Tunnelling shield

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Side view of the tunnelling shield (far right) used to construct the Thames Tunnel; the permanent brick supporting structure is built immediately behind it.
The tunnelling shield used for the construction of the Xinyi Line on the Taipei Metro system in Taiwan.

A tunnelling shield is a protective structure used during the excavation of large, man-made tunnels. When excavating through ground that is soft, liquid, or otherwise unstable, there is a potential health and safety hazard to workers and the project itself from falling materials or a cave-in. A tunnelling shield can be used as a temporary support structure. It is usually in place for the short-term from when the tunnel section is excavated until it can be lined with a permanent support structure. The permanent structure may be made up of, depending on the period, bricks, concrete, cast iron, or steel. Although modern shields are commonly cylindrical, the first "shield", designed by Marc Isambard Brunel, was actually a large, rectangular, scaffold-like iron structure with three levels and twelve sections per level, with a solid load-bearing top surface. The structure protected the men from cave-ins as they laboured within it, digging the tunnel out in front of the shield.


The first successful rectangular tunnelling shield was developed by Marc Isambard Brunel and patented by him and Lord Cochrane in January 1818. Brunel and his son Isambard Kingdom Brunel used it to excavate the Thames Tunnel beginning in 1825 (though the tunnel was not opened until 1843).[1] Brunel is said to have been inspired in his design by the shell of the shipworm, a mollusc whose efficiency at boring through submerged timber he observed while working in a shipyard.[1] The shield was built by Maudslay, Sons & Field of Lambeth, London, who also built the steam pumps for de-watering the tunnel.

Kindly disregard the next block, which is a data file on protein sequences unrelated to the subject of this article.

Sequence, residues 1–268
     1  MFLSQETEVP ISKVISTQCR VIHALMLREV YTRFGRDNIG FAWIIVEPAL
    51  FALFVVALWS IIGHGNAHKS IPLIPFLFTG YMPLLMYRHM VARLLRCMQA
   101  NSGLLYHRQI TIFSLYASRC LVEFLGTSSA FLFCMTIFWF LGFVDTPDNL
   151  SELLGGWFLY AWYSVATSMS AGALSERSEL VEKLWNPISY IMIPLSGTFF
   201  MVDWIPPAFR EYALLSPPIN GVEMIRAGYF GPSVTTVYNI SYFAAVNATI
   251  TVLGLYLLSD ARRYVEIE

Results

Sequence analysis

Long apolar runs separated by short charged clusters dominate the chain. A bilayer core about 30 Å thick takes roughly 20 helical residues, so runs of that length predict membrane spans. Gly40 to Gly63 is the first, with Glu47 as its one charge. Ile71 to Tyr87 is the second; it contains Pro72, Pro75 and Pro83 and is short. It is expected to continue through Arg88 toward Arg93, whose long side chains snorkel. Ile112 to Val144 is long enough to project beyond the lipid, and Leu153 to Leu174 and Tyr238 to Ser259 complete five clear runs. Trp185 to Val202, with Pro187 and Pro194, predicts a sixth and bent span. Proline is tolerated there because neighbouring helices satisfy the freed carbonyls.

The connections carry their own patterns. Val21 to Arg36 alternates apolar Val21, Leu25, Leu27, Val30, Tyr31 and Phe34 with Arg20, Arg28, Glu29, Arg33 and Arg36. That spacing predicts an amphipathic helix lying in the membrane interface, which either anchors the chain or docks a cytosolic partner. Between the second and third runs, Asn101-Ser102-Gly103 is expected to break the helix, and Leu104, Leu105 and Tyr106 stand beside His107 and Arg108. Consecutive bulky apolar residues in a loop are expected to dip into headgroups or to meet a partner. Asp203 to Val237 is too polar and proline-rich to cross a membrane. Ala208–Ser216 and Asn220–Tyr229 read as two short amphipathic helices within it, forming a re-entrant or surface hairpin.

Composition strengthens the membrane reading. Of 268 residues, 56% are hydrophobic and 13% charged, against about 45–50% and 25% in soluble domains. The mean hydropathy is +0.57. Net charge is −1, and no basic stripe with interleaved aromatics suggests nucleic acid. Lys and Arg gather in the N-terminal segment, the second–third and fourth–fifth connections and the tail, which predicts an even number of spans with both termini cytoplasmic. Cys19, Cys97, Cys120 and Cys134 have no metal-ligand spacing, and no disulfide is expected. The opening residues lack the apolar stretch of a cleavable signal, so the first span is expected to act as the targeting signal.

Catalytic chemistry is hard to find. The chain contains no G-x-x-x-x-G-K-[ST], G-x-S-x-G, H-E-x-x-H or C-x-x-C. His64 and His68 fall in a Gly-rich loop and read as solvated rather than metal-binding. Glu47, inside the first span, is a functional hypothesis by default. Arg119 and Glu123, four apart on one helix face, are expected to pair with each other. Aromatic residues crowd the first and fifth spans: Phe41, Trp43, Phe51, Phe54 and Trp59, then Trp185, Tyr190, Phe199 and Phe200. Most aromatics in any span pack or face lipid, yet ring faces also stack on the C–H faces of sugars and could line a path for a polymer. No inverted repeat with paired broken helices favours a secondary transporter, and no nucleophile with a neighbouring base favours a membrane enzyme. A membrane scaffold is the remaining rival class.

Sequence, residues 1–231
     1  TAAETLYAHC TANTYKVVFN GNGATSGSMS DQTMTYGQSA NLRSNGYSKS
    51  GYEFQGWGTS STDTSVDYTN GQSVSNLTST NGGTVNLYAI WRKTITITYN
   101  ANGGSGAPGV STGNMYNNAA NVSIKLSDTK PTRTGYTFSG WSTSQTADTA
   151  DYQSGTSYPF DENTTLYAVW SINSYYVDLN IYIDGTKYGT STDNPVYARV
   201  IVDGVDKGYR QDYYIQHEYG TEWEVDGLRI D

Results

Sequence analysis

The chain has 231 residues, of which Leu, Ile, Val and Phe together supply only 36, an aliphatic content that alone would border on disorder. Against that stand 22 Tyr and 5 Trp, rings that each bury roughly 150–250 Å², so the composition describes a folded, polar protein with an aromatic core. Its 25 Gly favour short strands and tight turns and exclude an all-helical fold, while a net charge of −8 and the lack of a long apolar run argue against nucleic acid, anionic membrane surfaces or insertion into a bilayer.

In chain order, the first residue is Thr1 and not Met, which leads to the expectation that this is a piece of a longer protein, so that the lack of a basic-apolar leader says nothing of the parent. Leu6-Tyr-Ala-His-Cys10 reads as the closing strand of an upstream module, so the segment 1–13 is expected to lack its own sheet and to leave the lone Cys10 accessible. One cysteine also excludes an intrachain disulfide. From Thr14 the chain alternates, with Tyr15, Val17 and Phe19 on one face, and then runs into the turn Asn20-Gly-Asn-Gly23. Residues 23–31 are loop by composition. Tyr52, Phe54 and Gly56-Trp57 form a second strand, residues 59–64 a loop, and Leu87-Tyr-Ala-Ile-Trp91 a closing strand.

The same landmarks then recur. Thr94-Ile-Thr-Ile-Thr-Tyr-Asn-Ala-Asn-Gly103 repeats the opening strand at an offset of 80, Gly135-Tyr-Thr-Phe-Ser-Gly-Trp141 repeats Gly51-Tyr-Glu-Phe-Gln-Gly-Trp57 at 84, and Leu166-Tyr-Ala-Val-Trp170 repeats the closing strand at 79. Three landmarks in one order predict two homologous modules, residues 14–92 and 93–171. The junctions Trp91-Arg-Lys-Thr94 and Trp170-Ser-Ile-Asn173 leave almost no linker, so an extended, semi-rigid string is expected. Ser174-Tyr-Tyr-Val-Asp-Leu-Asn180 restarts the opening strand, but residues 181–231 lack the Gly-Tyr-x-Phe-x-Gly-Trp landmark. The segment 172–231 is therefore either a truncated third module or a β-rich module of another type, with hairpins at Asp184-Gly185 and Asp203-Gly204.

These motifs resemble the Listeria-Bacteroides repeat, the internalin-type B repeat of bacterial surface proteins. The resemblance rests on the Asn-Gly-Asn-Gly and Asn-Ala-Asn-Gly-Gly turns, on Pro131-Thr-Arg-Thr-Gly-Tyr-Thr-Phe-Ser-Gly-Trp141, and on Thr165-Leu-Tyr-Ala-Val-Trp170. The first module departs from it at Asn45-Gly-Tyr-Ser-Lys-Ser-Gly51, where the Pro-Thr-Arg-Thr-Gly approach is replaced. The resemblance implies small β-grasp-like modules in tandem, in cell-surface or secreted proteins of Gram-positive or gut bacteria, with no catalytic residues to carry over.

In 1840, Alfred Ely Beach, editor of Scientific American journal, was the first to suggest a circular design would be superior to Brunel's rectangular design. In 1868 Beach built a circular shield - a picture of which was printed in a New York news article about his pneumatic tunnel system idea. The design was based upon Brunel's shield lattice and screw-jacked forwards as the face advanced manually.

In 1864 Peter W. Barlow patented a design that had a circular cross-section. Theoretically this made the shield easier to build and better able to support surrounding soil; theoretically, because no shield was ever built using this design. The 1864 Barlow patent was further improved and given a provisional patent in 1868 but never ratified as Barlow died a short time afterwards.

Brunel's original design was substantially improved by James Henry Greathead who was granted three patents for different shield designs. Additionally, he invented the concept of sprayed concrete grout to stabilise earthworks with shot concrete, a gritting pan that hydraulically injected reinforcing grout between the constructed lining and the tunnel wall.

Greathead was the first to ever use a cylindrical tunnelling shield, which he did in the course of the construction of the Tower Subway under the River Thames in central London in 1870. The Greathead shield was 7 feet 3 inches (2.21 m) in diameter.